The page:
Poker is arguably the most popular card game in the world, and the history of the game of poker dates right back to the early 1800s, where mentions to a simple competition “The Lying Game” can be found in journals and literature.
Henry George Bohn was the first author to mention draw poker in his publication “New Handbook of Games,” in 1850. More works concerning the game of poker – including the much celebrated “The Game of Draw-Poker: Mathematically Illustrated” by Prof. Henry Winterblossom – were published later that century, as the game’s popularity grew across America.
In 1925, community cards were introduced to the game of poker. This innovative aspect added an exciting new feature to traditional draw poker, and it’s how the most popular form of poker, Texas Hold ‘em was created.
When the World Series of Poker Tour (WSOP) was launched in 1970, Texas Hold ‘em was their primary game of choice – it was the perfect form of the game from a spectatorship standpoint, as fans could visually see five of the seven cards a player could use to make up their hand. Jonnie Moss was the inaugural WSOP winner. Four years later, Starla Brodie became the first female winner of a WSOP mixed-gender event, in what was one of the greatest upsets in WSOP history.
By the mid-80s, poker had made a home for itself in mainstream society. WSOP events started to gain television coverage, and the game featured in many TV shows around this period, including an iconic episode of Star Trek: The Next Generation.
Poker’s popularity has grown exponentially over the years, and it’s amazing to see such a humble and traditional game holding its own in the modern day market. But what does the future hold for the game of poker?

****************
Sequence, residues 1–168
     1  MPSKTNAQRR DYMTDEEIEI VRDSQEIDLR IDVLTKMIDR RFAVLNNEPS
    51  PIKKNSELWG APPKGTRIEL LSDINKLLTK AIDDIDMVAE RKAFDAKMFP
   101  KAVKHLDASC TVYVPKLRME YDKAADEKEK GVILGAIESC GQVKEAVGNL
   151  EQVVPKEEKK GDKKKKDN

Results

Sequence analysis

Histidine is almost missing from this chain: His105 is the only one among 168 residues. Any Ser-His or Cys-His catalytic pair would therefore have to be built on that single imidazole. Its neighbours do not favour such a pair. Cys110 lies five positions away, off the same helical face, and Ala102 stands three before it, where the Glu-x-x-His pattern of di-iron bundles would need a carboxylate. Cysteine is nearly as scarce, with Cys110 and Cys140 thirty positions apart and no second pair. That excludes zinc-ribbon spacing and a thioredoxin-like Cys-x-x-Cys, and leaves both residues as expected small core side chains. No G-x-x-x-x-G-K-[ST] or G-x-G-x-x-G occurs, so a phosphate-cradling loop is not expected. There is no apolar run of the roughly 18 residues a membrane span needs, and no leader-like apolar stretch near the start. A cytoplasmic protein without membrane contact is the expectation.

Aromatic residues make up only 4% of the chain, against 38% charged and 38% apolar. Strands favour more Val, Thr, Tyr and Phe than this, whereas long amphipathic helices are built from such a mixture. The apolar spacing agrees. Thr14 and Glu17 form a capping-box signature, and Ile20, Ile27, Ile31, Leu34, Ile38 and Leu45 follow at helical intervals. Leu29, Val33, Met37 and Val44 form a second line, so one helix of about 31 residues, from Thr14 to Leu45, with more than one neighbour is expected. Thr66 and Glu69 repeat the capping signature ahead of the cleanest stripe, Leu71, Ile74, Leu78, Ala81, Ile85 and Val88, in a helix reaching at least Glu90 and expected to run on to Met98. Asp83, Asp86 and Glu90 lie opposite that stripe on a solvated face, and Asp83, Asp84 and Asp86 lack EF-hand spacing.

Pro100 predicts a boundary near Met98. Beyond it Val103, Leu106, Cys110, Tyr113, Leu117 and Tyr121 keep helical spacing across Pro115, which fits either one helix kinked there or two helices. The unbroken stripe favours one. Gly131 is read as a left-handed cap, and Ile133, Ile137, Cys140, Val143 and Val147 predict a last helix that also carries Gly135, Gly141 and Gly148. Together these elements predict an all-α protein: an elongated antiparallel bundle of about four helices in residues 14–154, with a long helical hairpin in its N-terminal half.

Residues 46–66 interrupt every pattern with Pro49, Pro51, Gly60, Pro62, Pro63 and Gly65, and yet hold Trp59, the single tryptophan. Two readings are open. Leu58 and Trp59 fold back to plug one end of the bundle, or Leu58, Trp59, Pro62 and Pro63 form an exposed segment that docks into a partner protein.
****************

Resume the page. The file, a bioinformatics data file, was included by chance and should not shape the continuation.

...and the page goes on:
Well, the professional tour has almost reached the pinnacle of what it can achieve. The World Series of Poker and European Poker Tour travel around the world, bringing poker to the masses. Tournaments are well sponsored; there is plenty of television coverage, and they continue to draw in large crowds. While the popularity of live poker remains at the high level it currently sits, tournament prize pots will continue to increase. It’s simply a case of maintaining the progress it has already made.
However, online poker has become just as popular, maybe even more popular, than live poker. Planet Poker – launched in 1998 – was the first website dedicated to online poker, allowing card lovers to compete against players from around the world, without leaving the comfort of their home. Since then, online poker has continued to develop, expanding onto mobile platforms in the mid-2000s. It’s in this aspect of the game where improvements and modifications are constantly being made, to take online poker to an even higher level.
The main goal of online poker progression is to make it as near to a live poker experience as possible. Virtual reality technology is hitting mainstream markets at the moment, and experiments are ongoing which fuse online poker with virtual reality.
Website Poker Tube posted an article at the start of last year, discussing whether virtual reality is the missing link in taking online poker to a bigger, more exciting platform.
Casino VR is one of the market leaders in offering online poker combined with virtual reality. They are already hosting free multiplayer tournaments for Gear VR and Oculus Rift users, where they can sample the exciting new features virtual reality can bring to online poker.
Poker will always have its traditions and its storied history. As the world around it expands, poker will continue to evolve with it and the capabilities of what the game can achieve online seem endless. It’s clear that the game of poker can look forward to a very exciting future.